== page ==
Based on the chart of the KBW Bank Index, Jamie Dimon’s decision to purchase shares of JPMorgan may have been well timed... but the credit markets have a very different perspective on what happens next.
The increasingly unstable footing that we find ourselves standing on is reflected in widening credit spreads that demonstrate that CONFIDENCE is indeed collapsing. We are on the precipice of what can only be described as a rising systemic risk for all markets.
After starting out strongly this morning, with DB stock trading just shy of $17/share, European banks have seen some weakness in the past 30 minutes following a report from Reuters, in which sources were cited as saying that there is "firm support for a deposit rate cut within the European Central Bank's Governing Council."
Deustche Bank stock is ripping 10% higher after confirming old news that it will undertake a modest debt buyback of $2 billion and €3 billion (not including the CoCos). Have no fear though as Wolfgang Schaeuble proclaimed Deutsche Bank is a "strong bank" that ios "resilient" and "well positioned."
As the following chart from Reuters shows, the year-to-date stock price performance for most European banks is on pace to far surpass - to the downside - the dreadful for the global financial system 2008.
DB's Jim Reid today writes that "Markets are crying out for a circuit breaker at the moment." There is just one problem: nobody knows what this circuit breaks would and should be, or if it would even work.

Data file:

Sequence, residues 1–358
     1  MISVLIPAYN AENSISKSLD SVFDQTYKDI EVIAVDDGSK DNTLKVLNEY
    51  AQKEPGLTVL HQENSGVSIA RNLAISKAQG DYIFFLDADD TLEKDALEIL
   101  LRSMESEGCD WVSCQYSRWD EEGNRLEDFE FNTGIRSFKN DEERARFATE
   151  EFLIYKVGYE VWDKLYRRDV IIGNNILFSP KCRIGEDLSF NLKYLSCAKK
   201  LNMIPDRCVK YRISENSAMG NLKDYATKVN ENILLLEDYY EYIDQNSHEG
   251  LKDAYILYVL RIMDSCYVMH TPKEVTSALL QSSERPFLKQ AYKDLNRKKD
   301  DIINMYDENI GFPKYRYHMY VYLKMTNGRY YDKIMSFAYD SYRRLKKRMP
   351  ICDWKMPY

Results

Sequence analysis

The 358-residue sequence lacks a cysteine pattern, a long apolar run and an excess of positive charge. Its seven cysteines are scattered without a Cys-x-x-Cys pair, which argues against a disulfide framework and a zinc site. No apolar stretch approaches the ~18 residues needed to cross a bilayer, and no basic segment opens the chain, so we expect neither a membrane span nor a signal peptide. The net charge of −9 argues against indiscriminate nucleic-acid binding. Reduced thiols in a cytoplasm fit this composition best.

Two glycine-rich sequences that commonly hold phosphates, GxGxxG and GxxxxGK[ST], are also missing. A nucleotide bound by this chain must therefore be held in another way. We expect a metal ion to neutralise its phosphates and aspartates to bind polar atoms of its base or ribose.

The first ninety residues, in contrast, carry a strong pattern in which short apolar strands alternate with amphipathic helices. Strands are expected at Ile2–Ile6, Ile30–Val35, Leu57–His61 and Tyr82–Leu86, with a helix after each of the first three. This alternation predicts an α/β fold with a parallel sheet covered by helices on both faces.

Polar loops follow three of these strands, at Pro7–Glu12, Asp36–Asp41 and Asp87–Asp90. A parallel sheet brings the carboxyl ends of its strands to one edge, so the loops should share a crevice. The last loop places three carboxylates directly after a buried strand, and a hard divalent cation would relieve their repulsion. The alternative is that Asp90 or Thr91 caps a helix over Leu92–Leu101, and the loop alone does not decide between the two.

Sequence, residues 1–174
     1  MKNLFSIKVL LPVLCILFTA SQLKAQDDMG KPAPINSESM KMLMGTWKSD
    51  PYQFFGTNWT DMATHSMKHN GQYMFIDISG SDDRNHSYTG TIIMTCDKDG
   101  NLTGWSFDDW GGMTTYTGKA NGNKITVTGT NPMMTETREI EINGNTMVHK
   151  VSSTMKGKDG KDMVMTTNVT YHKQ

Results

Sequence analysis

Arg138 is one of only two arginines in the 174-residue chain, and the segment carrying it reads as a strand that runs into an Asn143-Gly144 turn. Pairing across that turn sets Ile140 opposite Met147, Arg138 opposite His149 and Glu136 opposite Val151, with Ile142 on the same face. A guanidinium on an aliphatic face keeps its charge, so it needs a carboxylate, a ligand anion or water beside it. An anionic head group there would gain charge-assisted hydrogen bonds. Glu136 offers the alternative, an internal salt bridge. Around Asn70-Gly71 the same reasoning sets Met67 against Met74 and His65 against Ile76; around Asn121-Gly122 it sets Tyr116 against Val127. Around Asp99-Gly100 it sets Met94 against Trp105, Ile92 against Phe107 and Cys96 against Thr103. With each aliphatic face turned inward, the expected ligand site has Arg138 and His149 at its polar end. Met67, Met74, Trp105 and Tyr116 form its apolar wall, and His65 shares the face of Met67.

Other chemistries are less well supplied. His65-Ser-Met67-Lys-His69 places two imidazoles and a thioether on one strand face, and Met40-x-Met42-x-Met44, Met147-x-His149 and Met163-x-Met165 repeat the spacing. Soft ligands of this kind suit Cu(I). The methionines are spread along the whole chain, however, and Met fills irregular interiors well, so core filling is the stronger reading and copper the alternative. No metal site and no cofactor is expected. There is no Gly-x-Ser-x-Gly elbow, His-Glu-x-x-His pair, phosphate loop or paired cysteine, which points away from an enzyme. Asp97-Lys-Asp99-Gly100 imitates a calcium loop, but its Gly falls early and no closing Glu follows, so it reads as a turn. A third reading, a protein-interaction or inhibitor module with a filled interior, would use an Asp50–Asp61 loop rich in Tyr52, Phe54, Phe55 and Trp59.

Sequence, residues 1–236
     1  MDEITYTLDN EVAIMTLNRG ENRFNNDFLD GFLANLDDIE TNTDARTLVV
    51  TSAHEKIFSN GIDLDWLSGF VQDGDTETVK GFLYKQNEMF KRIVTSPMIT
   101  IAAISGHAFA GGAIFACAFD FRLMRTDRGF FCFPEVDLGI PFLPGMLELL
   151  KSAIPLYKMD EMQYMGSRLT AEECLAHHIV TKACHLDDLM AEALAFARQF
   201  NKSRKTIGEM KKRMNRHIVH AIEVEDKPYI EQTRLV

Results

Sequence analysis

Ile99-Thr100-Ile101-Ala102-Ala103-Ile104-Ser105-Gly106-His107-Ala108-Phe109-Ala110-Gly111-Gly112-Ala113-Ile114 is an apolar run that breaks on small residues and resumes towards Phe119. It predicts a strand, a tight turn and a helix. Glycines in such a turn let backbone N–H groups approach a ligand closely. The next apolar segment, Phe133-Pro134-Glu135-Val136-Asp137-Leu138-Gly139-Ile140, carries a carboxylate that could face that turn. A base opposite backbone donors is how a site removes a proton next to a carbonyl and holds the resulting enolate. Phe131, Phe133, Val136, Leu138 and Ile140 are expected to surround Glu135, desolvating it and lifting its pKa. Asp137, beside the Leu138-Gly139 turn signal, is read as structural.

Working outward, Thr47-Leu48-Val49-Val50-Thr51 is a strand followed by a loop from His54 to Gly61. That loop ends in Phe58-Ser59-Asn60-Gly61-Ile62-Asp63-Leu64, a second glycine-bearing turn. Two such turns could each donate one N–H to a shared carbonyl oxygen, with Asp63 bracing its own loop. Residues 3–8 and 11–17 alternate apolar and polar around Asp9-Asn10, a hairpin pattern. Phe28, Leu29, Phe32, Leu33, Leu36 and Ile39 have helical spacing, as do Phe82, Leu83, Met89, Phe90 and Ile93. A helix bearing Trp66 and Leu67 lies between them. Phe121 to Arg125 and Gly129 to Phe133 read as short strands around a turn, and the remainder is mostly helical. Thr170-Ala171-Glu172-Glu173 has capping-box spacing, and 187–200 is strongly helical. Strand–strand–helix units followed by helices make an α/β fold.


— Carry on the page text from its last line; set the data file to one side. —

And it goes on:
While broad-based contagion from Deustche Bank's disintegration is clear in European, US, and Asian bank risk, there is another major financial institution whose counterparty risk concerns just went vertical...
"Whatever it takes" is not enough, it would appear as the fragility and interconnectedness forced upon the European banking/sovereign finance ponzi has rapidly come home to roost for Draghi and his followers. Peripheral bond risk has flipped from "hold your nose" buys to panic sells with Portugal risk exploding 200bps in the last week. As the European banking system's credit risk rises 2012-crisis-like, it seems belief in a bigger bazooka is fading fast.
"Worse than Lehman" is how one European bond market trader described the carnage this week as the brief respite that ECB monetization and debt-buyback rumors provided yesterday have morphed into utter destruction this morning. European (and US) banks are a sea of contagious red with Deutsche Bank the tip of the collapse spear. Credit risk on Deutsche has exploded this morning with Sub CDS trading up 85bps to a record high 540bps... eerily reminiscent of the pre-Lehman bankruptcy week in 2008.
Hong Kong traders are back from vacation, and with few options on the table, they are buying the one asset that provides the best cover to central banks losing faith, demonstrated most vividly by the total failure of the BOJ, and as a result just as Yen soars above 113, gold has taken out the numerous $1,200 stops and is currently surging to levels not seen in almost a year.